But of course, the Olympics are also about something else. They're about selling a lot of Coca-Cola and Visa cards. If commerce makes the contemporary world go round, it also makes the contemporary sports world go round, so let's talk about the biggest business sport of them all: soccer. Let's go to the Thought Bubble.

Soccer, otherwise known as football or futball, is the largest and most popular sport worldwide. The Federation Internationale de Football Association, or FIFA, reports that over 240 million players exist across the planet in over two hundred countries. The earliest evidence of a game like soccer comes from around 2,000 years ago, during the Han dynasty in China. People played with small leather balls and kicked them into nets, and the Greeks and Romans played a similar game, but they never considered it to be an official sporting event. Soccer persevered into the middle ages, but was eventually banned by King Edward III in 1365 BCE, and by that time, it had become pretty violent, with players frequently punching and biting one another, you know, as opposed to the contemporary game where players almost never bite each other.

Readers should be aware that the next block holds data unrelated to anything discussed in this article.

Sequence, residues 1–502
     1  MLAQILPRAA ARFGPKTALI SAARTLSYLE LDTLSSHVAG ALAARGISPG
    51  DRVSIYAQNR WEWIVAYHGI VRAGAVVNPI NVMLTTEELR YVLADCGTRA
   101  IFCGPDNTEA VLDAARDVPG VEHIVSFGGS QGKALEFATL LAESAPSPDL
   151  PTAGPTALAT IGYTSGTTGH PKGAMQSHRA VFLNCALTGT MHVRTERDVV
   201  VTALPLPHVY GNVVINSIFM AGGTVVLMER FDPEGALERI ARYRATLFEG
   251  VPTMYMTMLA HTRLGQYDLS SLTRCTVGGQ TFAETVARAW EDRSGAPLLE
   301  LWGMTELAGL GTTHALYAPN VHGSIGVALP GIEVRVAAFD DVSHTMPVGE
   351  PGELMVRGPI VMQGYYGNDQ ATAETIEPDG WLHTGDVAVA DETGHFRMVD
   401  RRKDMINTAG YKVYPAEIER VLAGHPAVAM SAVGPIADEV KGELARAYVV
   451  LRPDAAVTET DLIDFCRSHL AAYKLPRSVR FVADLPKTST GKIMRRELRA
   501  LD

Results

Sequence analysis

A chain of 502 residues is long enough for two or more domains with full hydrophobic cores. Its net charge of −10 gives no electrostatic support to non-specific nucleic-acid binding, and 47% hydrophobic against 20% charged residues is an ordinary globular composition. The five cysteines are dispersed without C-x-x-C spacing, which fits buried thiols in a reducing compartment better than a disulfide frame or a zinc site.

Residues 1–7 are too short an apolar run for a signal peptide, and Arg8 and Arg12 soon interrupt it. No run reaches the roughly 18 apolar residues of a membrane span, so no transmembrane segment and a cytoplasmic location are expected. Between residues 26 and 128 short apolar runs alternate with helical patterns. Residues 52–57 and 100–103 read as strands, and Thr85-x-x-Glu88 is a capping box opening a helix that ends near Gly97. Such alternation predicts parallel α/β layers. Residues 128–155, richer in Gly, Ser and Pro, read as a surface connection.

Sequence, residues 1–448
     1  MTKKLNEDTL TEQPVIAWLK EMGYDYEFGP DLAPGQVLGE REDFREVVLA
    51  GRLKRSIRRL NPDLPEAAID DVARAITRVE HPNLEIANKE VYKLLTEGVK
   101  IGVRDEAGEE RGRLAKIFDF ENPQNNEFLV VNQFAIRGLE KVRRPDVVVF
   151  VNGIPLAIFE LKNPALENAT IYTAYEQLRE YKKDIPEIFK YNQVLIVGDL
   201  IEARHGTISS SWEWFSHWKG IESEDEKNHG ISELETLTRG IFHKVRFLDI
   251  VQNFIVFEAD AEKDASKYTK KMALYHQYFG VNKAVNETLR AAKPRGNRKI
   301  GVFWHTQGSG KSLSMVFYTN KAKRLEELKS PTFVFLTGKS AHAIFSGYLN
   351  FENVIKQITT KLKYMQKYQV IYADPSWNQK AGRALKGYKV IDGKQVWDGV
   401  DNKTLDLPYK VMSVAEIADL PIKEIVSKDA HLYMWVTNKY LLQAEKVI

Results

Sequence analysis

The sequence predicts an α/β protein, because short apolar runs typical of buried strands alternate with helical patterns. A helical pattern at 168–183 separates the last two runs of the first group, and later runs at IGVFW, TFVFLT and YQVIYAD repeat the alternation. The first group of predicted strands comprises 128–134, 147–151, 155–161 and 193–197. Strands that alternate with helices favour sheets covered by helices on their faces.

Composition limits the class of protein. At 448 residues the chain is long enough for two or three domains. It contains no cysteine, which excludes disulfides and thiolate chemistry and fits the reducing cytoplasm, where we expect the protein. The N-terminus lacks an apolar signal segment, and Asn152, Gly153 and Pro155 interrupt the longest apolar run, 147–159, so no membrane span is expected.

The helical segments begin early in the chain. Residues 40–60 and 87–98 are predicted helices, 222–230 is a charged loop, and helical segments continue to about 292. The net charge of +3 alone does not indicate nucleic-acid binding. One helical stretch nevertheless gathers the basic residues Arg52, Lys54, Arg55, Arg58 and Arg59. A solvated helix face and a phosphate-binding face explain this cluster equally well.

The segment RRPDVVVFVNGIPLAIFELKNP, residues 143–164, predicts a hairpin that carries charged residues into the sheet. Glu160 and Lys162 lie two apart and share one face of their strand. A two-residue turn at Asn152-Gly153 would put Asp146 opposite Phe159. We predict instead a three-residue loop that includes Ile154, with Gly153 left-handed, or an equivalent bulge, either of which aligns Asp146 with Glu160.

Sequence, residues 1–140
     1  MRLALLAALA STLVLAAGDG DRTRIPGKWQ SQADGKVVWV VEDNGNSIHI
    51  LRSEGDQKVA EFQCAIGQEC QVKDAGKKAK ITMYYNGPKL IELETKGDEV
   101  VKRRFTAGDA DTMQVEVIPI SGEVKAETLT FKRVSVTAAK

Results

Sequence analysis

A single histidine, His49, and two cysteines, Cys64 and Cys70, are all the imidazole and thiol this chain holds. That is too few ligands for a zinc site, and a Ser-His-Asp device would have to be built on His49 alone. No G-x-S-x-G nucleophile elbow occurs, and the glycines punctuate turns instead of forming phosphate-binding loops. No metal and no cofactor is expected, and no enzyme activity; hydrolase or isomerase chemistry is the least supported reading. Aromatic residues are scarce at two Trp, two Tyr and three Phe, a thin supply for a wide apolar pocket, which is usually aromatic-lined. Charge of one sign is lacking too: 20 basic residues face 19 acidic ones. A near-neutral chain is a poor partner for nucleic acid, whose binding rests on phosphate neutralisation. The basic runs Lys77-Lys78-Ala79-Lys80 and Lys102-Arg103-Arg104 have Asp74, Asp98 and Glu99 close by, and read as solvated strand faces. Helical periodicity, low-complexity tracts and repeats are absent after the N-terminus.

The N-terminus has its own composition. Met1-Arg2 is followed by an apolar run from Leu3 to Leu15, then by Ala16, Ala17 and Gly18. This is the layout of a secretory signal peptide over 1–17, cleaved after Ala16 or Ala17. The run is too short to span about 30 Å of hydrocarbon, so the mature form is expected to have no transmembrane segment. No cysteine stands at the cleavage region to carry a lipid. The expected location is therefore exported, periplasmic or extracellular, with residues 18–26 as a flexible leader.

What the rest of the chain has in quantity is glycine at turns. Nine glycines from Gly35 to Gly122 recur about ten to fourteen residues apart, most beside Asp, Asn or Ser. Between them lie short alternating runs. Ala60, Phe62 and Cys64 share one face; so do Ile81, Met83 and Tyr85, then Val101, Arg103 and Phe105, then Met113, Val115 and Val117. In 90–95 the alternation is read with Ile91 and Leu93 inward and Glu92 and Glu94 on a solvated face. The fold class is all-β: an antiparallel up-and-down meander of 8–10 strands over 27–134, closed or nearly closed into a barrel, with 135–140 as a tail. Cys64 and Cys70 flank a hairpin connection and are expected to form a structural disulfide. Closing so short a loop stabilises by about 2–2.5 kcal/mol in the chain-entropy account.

Also, soldiers became so engrossed in football that they missed drills and practices. It would be banned again in 1424 by King James I of Scotland due to similar troubles. But soccer wove itself in and out of culture over the years, until 1815, when a decisive set of laws governing the sport, known as the Cambridge Rules came into being. The rules divided people. Some stuck with the set rules and played soccer as we know it today, while others preferred a more physical contact version, which came to be known as rugby. In 1863, eleven clubs and schools from London set up basic rules to govern all aspects of soccer, and that's considered the official origin of modern football, and then, in 1904, FIFA was formed, and then just 89 short years later, in 1993, the FIFA video games were invented and changed my life forever, but anyway, thanks, Thought Bubble.